Many industries are facing unprecedented changes due to the effects of the coronavirus, which is having a dramatic impact for a lot of different professions. Those in the creative industry have been hit particularly hard as art fairs, workshops and exhibitions are indefinitely put on hold, as well as theatre performances and tv and film productions coming to an abrupt standstill. I spoke to 26 year old London based artist, who goes under the pseudonym Betusha Rapatusha, about how she’s had to cope with the effects of the coronavirus
Even though artists often spend time alone and work in their studios, the imposed lockdown is having a massive impact both financially and creatively. Since Lockdown Rapatusha has had to cancel her upcoming exhibition which was due to be held in March and has subsequently had to move back with her parents, and start a new job in a calls centre.
‘People don’t have the income to support artists, and I can understand why, people are so worried about the future and economic security, buying art would be at the back of anyones mind’.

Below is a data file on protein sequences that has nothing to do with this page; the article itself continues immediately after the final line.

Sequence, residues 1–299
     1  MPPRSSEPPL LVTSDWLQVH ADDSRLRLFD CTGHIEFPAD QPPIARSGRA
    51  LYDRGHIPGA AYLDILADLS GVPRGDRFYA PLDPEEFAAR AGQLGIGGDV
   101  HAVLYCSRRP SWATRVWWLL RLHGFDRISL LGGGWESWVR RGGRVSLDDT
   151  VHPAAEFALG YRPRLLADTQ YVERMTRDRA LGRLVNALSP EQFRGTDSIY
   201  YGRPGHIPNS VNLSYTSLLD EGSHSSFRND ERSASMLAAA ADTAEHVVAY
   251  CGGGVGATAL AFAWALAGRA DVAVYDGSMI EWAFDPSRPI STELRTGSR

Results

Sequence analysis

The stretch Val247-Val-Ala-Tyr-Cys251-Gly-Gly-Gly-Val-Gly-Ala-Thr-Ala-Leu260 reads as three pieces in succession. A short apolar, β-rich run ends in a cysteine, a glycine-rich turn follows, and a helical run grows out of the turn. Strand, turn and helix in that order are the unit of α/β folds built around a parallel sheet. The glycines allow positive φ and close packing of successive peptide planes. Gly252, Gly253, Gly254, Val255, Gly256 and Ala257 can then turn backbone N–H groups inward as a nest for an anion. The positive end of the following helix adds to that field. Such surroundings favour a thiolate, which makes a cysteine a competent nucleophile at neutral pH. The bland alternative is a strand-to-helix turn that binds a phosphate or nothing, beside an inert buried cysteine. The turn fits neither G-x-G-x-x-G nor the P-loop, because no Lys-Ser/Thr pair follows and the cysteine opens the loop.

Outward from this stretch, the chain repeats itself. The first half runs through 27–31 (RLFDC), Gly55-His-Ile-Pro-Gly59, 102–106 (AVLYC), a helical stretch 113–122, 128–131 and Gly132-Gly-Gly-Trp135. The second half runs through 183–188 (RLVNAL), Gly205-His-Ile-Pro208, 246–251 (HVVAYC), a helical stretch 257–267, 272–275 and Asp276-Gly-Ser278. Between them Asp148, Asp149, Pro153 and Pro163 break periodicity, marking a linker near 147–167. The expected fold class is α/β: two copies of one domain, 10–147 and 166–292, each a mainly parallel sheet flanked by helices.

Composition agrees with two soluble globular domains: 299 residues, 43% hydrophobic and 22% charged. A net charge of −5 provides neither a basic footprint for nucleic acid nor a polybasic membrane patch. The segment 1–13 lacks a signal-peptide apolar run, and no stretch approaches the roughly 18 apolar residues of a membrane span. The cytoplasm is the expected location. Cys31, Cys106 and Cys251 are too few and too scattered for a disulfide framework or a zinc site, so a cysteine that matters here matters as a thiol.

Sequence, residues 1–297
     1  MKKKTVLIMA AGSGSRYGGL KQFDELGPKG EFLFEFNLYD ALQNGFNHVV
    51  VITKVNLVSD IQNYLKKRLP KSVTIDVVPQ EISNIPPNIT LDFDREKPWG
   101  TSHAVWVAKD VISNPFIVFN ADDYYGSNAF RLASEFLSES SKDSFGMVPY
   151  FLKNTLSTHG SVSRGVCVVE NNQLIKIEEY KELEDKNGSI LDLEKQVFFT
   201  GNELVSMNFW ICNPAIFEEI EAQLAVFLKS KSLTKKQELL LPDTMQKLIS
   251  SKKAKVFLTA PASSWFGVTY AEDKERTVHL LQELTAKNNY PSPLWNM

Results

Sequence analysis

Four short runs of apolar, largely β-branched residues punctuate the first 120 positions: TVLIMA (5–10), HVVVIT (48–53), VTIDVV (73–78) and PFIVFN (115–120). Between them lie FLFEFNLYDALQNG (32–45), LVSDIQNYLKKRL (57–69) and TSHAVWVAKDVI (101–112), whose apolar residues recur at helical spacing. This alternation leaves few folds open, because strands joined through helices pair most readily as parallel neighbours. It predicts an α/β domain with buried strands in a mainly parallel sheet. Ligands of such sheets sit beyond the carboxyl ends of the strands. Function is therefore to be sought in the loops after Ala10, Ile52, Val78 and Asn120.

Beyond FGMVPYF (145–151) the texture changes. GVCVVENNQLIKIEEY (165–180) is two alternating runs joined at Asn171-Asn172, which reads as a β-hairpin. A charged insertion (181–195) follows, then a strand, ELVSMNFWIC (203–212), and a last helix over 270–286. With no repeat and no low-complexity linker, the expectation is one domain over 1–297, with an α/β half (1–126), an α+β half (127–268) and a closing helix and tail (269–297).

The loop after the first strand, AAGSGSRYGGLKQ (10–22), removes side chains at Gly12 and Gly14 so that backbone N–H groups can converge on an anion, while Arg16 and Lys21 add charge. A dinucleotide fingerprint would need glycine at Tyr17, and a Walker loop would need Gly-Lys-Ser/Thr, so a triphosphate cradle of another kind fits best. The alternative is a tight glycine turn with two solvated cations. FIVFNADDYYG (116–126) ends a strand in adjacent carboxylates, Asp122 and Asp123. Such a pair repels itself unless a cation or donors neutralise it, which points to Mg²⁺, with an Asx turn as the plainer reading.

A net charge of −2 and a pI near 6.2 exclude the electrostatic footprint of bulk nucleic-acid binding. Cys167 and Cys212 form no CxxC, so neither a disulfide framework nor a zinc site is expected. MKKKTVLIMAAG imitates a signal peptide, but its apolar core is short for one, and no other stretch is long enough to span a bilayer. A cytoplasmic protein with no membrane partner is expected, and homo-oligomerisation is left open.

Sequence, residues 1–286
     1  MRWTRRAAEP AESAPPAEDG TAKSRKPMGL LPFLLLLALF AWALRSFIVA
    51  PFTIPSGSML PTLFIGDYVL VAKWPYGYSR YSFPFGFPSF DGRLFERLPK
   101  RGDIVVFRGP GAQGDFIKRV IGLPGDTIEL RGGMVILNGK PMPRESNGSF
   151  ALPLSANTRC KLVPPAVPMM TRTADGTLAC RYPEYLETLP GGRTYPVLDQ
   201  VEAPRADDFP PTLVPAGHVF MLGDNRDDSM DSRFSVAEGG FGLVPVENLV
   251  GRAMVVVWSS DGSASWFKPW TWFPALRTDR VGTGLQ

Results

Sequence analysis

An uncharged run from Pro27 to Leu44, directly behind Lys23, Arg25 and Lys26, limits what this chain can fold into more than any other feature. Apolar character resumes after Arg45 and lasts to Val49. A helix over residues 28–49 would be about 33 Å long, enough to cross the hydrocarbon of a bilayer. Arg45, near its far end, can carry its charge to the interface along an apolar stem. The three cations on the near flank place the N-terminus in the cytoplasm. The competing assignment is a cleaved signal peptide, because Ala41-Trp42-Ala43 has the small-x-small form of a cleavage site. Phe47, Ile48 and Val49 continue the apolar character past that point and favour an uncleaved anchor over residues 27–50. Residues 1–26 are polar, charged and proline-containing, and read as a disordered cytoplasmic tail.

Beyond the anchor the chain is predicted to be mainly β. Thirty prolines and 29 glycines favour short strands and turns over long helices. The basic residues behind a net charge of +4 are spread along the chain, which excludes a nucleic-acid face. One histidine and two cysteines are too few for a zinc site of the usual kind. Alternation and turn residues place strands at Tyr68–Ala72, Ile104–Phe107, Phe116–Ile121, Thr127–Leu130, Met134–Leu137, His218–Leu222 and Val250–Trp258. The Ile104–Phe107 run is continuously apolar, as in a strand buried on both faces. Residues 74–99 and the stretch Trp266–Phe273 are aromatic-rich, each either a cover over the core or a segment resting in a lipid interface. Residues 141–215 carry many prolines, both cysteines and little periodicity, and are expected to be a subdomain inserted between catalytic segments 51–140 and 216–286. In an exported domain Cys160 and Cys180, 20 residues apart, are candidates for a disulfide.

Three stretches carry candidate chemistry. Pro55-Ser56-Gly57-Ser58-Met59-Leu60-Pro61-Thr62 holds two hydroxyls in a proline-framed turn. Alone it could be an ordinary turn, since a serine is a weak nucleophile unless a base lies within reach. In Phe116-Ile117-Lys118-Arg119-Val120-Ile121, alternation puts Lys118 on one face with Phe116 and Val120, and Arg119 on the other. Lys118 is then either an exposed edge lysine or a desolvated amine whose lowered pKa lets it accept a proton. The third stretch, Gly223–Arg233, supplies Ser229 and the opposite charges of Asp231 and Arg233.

Unlike the stereotypical image of an artist, who supposedly thrives in isolation, Betusha draws a lot of inspiration from the relationships she has with people, which is one of the reasons she’s struggling with finding inspiration ‘I love being around people, I love learning from people, I love loving people, so this compulsory lockdown is definitely altered my creativity’.
Since having to cancel her London exhibition, she’s lost the money from renting the venue, as well as any profits she would have made through selling her art work. Luckily, Betusha has a large social media presence with other 26 thousand followers who are fans of her work from all over the world.
‘Although using social media isn’t the same as interacting with people at exhibitions, and instagram, like all platforms, has its downfalls, it allows engagement which is so important right in times like now’.
Like many other artists Betusha is looking for ways to innovate and move her career online since no one knows what’s happening with shows and galleries.
Now, like many other artists Betusha is looking for ways to innovate and move her career online since no one knows what’s happening with shows and galleries for the foreseeable future.
Although coronavirus has its downfalls, Betusha recognises the positives and says although she’s struggling to find inspiration, she’s ‘finding beauty in the simple things’ and although it’s going to take some endurance, she believes that art is going to mean more to people now more than ever.